Monday, July 20, 2015

Family Matters

Family is a funny thing.  Some of us complain about what's missing from ours.  Others cut out the family we don't want to claim as ours.  And most of us just don't appreciate it much until much later in life.  As I think about how I want my children to appreciate their family experience, it's convicted me that I must model that for them.  




Last weekend I attended a family reunion and had a moment of reflection that just hasn't left me.  What does being family mean?  Different things to different people, of course.  One thing it really is, though, is a group of people who share experiences.  There are people, places and events that were shared over time and no matter the course of their life later, those common elements will remain.

There are billions of strangers that even if you meet you likely won't share more than a glance or a few words.  With your family, extended and immediate, you share hundreds of instances and events before you're even born!  Especially in childhood, there are only a certain number of people who will witness your many milestones.  Within each family group, there are certain people or items that have great significance (simply because you all were there together) that will hold no value to anyone outside of the group.  That commonality that you share with family members matters.  I believe it matters more than we think.  No matter where you are today, those people were witnesses in your life and the life of those you both love.  It matters because of that, I think.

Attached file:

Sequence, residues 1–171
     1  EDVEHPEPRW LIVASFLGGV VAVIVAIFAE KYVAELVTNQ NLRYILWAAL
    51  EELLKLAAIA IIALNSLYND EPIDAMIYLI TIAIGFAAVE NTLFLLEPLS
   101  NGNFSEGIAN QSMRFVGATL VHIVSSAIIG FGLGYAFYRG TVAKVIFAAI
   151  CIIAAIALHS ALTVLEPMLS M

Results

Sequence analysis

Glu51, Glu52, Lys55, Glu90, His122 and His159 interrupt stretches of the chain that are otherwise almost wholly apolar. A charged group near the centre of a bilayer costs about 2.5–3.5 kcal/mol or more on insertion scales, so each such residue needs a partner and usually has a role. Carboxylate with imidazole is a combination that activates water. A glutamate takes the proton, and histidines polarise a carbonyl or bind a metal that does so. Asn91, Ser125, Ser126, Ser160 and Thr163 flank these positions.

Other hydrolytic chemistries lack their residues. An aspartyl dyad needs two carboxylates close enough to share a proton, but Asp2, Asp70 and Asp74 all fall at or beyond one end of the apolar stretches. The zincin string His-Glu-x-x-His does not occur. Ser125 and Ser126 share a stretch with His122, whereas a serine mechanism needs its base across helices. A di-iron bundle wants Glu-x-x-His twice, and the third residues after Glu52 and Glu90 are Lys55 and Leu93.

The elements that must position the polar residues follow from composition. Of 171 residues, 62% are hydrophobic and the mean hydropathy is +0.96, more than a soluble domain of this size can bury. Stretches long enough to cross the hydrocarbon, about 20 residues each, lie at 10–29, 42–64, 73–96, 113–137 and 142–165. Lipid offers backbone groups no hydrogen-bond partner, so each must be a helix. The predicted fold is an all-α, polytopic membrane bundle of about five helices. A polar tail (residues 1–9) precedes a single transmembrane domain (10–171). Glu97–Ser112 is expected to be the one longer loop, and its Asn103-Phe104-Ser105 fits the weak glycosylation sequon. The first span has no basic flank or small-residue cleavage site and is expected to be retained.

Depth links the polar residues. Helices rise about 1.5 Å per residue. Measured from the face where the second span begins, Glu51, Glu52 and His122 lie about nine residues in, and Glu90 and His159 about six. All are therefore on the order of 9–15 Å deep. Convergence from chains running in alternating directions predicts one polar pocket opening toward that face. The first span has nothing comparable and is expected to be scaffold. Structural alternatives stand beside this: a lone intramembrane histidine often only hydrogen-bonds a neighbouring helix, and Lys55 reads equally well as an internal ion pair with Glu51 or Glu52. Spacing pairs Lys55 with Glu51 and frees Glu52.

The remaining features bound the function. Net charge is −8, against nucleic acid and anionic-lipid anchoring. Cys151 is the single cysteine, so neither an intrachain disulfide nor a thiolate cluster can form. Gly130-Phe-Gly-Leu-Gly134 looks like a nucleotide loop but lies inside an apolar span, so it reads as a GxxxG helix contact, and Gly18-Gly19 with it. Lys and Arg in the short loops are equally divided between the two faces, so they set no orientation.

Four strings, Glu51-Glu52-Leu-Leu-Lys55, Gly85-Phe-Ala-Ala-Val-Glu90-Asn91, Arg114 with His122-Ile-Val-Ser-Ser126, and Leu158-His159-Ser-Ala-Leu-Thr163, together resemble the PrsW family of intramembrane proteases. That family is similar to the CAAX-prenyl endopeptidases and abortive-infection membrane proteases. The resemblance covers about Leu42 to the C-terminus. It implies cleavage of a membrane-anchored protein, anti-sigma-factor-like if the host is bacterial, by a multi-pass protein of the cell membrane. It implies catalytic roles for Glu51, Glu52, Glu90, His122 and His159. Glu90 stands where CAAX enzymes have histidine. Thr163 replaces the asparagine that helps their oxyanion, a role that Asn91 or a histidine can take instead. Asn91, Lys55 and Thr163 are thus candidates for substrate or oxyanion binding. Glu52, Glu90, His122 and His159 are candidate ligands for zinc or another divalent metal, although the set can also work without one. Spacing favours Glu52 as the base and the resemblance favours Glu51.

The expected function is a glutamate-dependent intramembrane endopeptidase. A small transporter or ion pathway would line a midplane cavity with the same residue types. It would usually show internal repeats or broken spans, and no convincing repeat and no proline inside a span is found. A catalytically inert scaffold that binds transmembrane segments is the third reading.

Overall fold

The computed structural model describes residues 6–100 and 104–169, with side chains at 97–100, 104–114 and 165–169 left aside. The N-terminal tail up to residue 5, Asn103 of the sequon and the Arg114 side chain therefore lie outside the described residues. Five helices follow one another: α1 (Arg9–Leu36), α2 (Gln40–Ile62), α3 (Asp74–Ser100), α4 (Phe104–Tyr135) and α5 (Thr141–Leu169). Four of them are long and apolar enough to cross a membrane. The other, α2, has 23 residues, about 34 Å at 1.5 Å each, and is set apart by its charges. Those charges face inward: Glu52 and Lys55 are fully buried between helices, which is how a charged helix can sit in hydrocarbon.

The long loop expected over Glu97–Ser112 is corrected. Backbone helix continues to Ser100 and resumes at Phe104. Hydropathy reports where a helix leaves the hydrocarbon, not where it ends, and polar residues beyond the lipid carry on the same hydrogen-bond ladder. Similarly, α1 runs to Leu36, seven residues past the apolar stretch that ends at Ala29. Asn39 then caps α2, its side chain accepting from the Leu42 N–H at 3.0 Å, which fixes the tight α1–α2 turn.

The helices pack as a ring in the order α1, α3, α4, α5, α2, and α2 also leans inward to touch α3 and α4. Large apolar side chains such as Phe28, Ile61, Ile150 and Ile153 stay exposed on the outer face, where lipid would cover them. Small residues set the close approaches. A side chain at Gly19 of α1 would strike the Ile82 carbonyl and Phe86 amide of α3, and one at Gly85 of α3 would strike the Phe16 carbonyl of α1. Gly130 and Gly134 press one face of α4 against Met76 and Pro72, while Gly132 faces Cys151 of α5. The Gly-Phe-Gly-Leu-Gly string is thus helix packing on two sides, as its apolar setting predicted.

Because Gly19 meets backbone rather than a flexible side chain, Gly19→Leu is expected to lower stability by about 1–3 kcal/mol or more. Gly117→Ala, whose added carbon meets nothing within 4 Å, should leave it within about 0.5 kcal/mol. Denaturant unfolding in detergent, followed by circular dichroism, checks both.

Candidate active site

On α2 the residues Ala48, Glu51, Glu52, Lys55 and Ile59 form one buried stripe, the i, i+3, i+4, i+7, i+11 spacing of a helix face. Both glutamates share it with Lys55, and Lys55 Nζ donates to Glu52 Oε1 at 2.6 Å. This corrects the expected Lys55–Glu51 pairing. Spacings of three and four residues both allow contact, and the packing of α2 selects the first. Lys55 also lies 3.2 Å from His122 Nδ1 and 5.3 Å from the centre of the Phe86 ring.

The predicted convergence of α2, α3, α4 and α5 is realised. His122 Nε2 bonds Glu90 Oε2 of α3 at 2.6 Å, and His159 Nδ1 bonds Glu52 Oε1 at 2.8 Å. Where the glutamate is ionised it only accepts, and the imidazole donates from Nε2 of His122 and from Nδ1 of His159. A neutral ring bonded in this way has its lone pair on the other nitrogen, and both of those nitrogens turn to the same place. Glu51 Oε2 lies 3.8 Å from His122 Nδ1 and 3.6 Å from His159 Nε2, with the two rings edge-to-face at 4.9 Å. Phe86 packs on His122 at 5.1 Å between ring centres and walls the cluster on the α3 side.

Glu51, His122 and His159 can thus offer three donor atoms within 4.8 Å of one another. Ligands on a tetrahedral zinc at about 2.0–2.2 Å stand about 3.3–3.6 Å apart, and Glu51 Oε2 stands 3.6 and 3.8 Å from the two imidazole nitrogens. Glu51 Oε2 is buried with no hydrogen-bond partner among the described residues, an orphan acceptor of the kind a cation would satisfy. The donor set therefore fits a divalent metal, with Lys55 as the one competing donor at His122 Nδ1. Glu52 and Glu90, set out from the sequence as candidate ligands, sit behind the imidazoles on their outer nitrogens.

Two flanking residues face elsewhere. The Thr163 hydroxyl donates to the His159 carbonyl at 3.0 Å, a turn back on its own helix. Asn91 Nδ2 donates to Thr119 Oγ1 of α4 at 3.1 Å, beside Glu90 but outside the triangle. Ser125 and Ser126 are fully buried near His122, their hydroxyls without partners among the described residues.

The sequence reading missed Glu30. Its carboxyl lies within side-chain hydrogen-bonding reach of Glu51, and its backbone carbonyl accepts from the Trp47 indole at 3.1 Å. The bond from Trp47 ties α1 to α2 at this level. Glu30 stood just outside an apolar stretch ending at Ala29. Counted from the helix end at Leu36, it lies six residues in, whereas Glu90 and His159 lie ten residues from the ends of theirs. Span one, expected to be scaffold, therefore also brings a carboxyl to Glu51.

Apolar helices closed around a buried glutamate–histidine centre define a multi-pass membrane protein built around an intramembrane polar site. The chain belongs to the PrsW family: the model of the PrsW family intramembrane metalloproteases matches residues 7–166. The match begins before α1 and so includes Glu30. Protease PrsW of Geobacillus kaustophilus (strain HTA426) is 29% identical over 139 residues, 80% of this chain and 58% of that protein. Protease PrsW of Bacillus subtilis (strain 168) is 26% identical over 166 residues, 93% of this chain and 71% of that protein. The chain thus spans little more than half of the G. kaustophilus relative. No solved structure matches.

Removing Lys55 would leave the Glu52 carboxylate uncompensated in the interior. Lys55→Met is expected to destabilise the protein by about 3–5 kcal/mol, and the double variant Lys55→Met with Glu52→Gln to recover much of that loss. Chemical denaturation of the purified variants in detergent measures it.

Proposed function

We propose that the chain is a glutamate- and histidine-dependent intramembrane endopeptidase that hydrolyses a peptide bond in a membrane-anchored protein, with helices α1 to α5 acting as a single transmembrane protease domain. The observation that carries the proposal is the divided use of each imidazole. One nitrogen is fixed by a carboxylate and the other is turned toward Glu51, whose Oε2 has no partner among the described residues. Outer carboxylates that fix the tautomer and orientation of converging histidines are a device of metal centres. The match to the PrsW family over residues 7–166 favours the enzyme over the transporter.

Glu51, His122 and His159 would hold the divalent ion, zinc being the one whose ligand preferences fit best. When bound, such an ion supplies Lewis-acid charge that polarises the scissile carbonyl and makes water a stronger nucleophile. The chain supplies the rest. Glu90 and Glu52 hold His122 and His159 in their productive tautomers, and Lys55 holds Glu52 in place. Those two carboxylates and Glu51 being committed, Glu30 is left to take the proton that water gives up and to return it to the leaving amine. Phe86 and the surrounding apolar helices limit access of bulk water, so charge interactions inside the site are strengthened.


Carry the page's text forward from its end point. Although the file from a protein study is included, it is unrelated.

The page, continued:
I guess what I'm trying to say is that in most circumstances (not talking about abuse or criminal behavior), our various family circles deserve a little more love than we tend to give.  We forget that they were there too.  Sure, not all experiences are going to be the same, but the commonality of places and people means that their different experience might help us find better perspective sometimes.  With my own little family, I know that one day J & Miss Z will have conversations about their parents, probably complaining about how awful we are in some way.  And they will have the best tools in each other to better understand what's happening.












Family, big or small, near or far, isn't just some obligation to fulfill.  It is an obligation, but within it are endless opportunities and tools to grow and gain a better, richer experience - even separate from them completely.  In the past I've let myself get so caught up in how family makes me feel or how much I agree with them on this or that.  Discussion and principled debate has it's place but it shouldn't overshadow the respect we all deserve for being witnesses to each other's life.  Even more so when they were supportive and active witnesses.  May we work a little bit harder on loving for others' sake and honoring because of history's sake.

  
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